Recruiting in 2017: How the IT Workforce and Workplace are Changing
There’s no question the IT workforce is poised for some serious changes over the next year. Employers will seek out game-changing skills and expertise, and many organizations will adapt to shifting needs with new hiring strategies. Diversity in the workplace will remain front and center as job applicants come from all over the world, many with the IT expertise critical to moving innovation forward. If one thing is certain when it comes to both skills and workplace dynamic, the power is with the people. As recruiters, we have the ability to select from the best and brightest.
The 2016 Workforce: More Diverse and More Flexible
The tech industry is focused on encouraging more women and people of different ethnicities to join the workforce. Expect the definition of diversity to expand to include age and experience. As you’re recruiting for your organization or a customer this year, keep in mind that companies are still looking for wide ranges of expertise and skill sets. Don’t overlook the advantages of having more seasoned employees work alongside those who are just entering the workforce. The tech industry has a tendency to hire workers fresh out of college, but hiring those of all ages will ensure that both new ideas and well-tested tactics and tools don’t get lost.
Still, there are many benefits to hiring and working with candidates right out of some of the most prestigious technology learning institutes. We’ve seen new trends with the addition of Generation Z to the workforce, and they are bringing a dramatic new energy to the workplace environment. Expect Generation Z workers to fill the tech job pipeline, as trends show they’re attracted to lucrative roles in STEM-related fields. The days of instant message and video conference might not be enough to excite them, though. Their craving for social media engagement compels them to use personal technology in professional settings, and they’ll be attracted to employers that incorporate wearables and virtual reality into the workplace.
Can’t hire full-time employees? Due to the agile, project-oriented nature of technology work and the sustained technical talent shortage, employers’ demands for freelance and temporary workers will continue to increase rapidly. Keep a steady bank of agile employees (contractor, consultant, temporary, or freelance positions) on hand. This will enable access to specialized talent and skill sets that fit your company’s precise needs and yield greater flexibility, economy, and efficiency from workforce investments. Research shows this employee segment could comprise as much as 50 percent of the workforce by 2019.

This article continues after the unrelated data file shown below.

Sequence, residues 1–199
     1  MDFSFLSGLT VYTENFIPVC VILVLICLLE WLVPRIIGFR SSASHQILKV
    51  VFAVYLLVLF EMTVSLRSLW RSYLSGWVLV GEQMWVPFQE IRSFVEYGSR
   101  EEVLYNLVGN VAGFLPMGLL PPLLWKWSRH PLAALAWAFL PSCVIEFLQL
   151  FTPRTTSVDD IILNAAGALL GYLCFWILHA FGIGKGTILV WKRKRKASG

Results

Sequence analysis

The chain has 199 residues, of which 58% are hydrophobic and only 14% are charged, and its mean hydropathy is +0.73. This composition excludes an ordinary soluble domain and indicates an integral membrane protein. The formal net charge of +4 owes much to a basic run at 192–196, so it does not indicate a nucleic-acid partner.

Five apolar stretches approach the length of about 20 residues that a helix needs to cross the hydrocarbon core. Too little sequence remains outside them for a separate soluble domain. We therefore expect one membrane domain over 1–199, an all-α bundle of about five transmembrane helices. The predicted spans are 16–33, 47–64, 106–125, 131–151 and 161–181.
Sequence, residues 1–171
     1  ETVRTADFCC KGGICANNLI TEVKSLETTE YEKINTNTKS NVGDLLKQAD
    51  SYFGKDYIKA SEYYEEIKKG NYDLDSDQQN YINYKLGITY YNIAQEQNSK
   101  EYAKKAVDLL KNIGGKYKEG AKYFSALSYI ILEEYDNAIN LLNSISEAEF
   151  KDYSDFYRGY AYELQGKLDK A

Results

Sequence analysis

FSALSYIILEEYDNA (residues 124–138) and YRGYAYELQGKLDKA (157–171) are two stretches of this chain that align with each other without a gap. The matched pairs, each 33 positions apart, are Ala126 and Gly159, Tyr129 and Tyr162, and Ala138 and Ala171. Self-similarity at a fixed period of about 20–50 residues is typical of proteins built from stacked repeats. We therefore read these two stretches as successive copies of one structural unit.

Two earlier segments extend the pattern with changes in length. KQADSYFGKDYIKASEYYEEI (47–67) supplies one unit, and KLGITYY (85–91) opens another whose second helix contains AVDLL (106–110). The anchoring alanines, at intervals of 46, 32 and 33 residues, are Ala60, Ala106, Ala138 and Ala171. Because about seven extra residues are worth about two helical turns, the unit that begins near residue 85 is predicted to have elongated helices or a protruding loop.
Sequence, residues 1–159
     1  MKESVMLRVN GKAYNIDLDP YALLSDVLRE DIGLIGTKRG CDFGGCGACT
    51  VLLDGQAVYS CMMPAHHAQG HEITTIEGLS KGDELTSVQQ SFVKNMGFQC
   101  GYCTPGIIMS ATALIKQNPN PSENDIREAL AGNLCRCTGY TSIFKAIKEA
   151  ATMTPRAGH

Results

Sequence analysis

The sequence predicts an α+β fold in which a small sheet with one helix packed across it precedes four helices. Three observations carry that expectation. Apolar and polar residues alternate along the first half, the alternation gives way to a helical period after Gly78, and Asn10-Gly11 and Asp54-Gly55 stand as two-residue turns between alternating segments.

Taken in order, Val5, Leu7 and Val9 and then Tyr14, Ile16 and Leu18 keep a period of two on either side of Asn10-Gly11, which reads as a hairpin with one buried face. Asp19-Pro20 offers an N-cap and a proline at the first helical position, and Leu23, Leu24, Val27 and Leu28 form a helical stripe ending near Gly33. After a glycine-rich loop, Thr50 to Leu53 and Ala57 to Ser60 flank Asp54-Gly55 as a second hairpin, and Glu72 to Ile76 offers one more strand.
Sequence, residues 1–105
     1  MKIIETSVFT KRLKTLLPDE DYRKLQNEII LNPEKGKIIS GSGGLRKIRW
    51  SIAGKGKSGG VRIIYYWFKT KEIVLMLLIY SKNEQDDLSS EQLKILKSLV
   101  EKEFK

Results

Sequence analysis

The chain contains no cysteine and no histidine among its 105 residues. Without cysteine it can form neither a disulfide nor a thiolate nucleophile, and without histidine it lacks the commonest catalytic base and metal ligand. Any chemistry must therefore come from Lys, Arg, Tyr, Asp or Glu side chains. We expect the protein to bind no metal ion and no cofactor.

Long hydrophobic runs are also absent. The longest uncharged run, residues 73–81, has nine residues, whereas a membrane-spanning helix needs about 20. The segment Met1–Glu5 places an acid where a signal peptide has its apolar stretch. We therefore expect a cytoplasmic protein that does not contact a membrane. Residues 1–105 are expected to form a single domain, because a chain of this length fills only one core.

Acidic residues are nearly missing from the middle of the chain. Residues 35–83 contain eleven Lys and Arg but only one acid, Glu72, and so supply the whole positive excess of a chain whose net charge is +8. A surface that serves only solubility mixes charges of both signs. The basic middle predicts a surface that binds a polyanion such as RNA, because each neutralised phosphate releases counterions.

The In-Demand Skills of 2017
Whether your applicants are new or seasoned, full-time or contract workers, there are a few technical skills that will put some candidates above the rest:
First, we are seeing the line between cybersecurity practitioners and IT specialists begin to blur. In the near future, most IT staff will be required to have at least some expertise in cybersecurity. Experts now realize this is the only way to ensure that security is baked into networks and systems, rather than bolted on after the fact.
Additionally, mobile development experience (think applications, mobile and modern web capabilities) will be in high demand for many mid-market businesses reassessing their digital technologies and presences to remain competitive. After all, consumers and workers alike are on the go more than ever. Whether for consumer-facing mobile applications or for managing internal workforce processes and resources, mobile developers will become some of the hottest hires in 2017.
The IT field continues to boom with technological breakthroughs and innovation, including self-driving cars and RoboBees, and there’s no sign of it slowing down. Emerging technologies, such as virtual reality and the internet of things (IoT), will mean more demand for IT workers with these specialties. Along with the advancement of IoT will come the need to secure these devices – still a conundrum for technologists and policymakers. Enterprises will need to be agile enough to respond to shifting technology trends, both in their own workplaces and for their customers.
The Robots Aren’t Coming for Your Tech Jobs
We’d be remiss if we didn’t tackle one of the biggest questions coming from many technologists in the field: Are robots taking over technology jobs? The short answer is “no”! The uptick in deploying automation tools across IT functions is a way to increase efficiency and to perfect processes. We expect enterprise-sized organizations to be the first to automate certain IT functions (e.g., cybersecurity, network monitoring), but automation won’t eliminate the need for people in the workplace. Lower-level tasks might be automated, but human intelligence will still be needed for higher-level analysis and decision-making in IT environments.
Recruiters out pounding the pavement for these highly sought-after IT skills certainly have their work cut out for them. Be vigilant about tapping the agile workforce for positions that may be a good fit for a more flexible or temporary hire. Consider the benefits of staffing teams with a variety of experience levels. Hire people with a passion for innovating. Any new hire who comes in with the skills needed to propel the tech industry forward could be one of an organization’s greatest assets. So power is in the people – and the recruiter!
Dino Grigorakakis is vice president of recruiting at Randstad Technologies.